In an unfairness that he has denounced in others, U.S. Sen. David Vitter, R-La., is blocking the confirmation process for a new federal judge in the Baton Rouge-based Middle District court.
Why? Attorney Shelly D. Dick was nominated to the bench on the recommendation of U.S. Sen. Mary Landrieu, a Democrat.
With Republicans hoping to win the White House next fall, Vitter hopes that he’ll be able to fill the vacancy of the late Judge Ralph Tyson with a deserving Republican next year.
It’s blatant politics of exactly the kind that Vitter denounced unsparingly in 2007. Then, Landrieu — on the basis of vague objections — delayed the approval of a qualified GOP nominee for the Middle District. However, that was the only time that Landrieu used senatorial privilege to block a Louisiana nominee in the eight years of the administration of President George W. Bush.
To add to the hypocrisy of Vitter’s latest, he absurdly suggests that he is pure of heart when it comes to nominees by President Barack Obama.
“By any measure, I’ve bent over backwards to cooperate regarding President Obama’s Louisiana nominees, which has resulted in all 10 before this being confirmed in record time,” Vitter stated. “Now that it’s a few months before a presidential election, however, I’m going to let the people speak before supporting any others.”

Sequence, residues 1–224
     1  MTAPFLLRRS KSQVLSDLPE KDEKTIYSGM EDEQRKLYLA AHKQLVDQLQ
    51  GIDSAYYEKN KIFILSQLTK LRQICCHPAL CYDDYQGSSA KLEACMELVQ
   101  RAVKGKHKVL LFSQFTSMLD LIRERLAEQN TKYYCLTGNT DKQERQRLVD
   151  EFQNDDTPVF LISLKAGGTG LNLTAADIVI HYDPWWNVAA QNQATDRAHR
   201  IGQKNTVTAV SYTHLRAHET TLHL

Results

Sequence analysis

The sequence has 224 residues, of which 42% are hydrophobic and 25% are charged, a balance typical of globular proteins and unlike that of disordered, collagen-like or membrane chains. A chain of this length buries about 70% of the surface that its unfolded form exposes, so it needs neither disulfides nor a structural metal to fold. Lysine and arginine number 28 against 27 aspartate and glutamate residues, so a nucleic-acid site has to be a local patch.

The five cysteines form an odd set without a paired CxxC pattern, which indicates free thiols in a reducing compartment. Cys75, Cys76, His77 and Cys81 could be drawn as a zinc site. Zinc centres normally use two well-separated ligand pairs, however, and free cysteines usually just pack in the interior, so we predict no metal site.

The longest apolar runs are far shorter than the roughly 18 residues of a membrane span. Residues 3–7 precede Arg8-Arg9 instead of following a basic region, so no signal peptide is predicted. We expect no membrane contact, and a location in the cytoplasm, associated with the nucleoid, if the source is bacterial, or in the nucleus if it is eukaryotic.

This should provoke guffaws from anyone familiar with Vitter’s obstructionism, as blatantly partisan and removed from “cooperation” as it is possible to be.
Vitter stalled two appointments to the Federal Reserve Board before they were ultimately pushed through. He’s showered administration nominees with objections, including a case in which the Senate Ethics Committee rebuked him for his abuse of the privileges.
In 2010, Vitter held up two Louisiana nominations — one for then-nominated federal Judge Brian Jackson of Baton Rouge and a U.S. marshal candidate in New Orleans — in an effort to ensure that the U.S. attorney he supports in the Eastern District, Jim Letten, remained. Vitter relented once Letten was reappointed with support from Landrieu.
In that case, Vitter may have outmaneuvered himself. It is quite likely that Letten, a high-profile prosecutor of politicians, would have been reappointed anyway.
All this underscores the outdated nature of the Senate’s outdated rules and privileges.
At one time, senators were expected to obey unwritten rules of courtesy, among them a willingness to confirm qualified nominees of whatever party.
We now live in an era of David Vitters — politicians who believe themselves to be in permanent warfare against the other party, no holds barred, for which the public interest is irrelevant.
The result is a political stall on an attorney who deserves a Senate hearing and then an up-or-down vote on her nomination.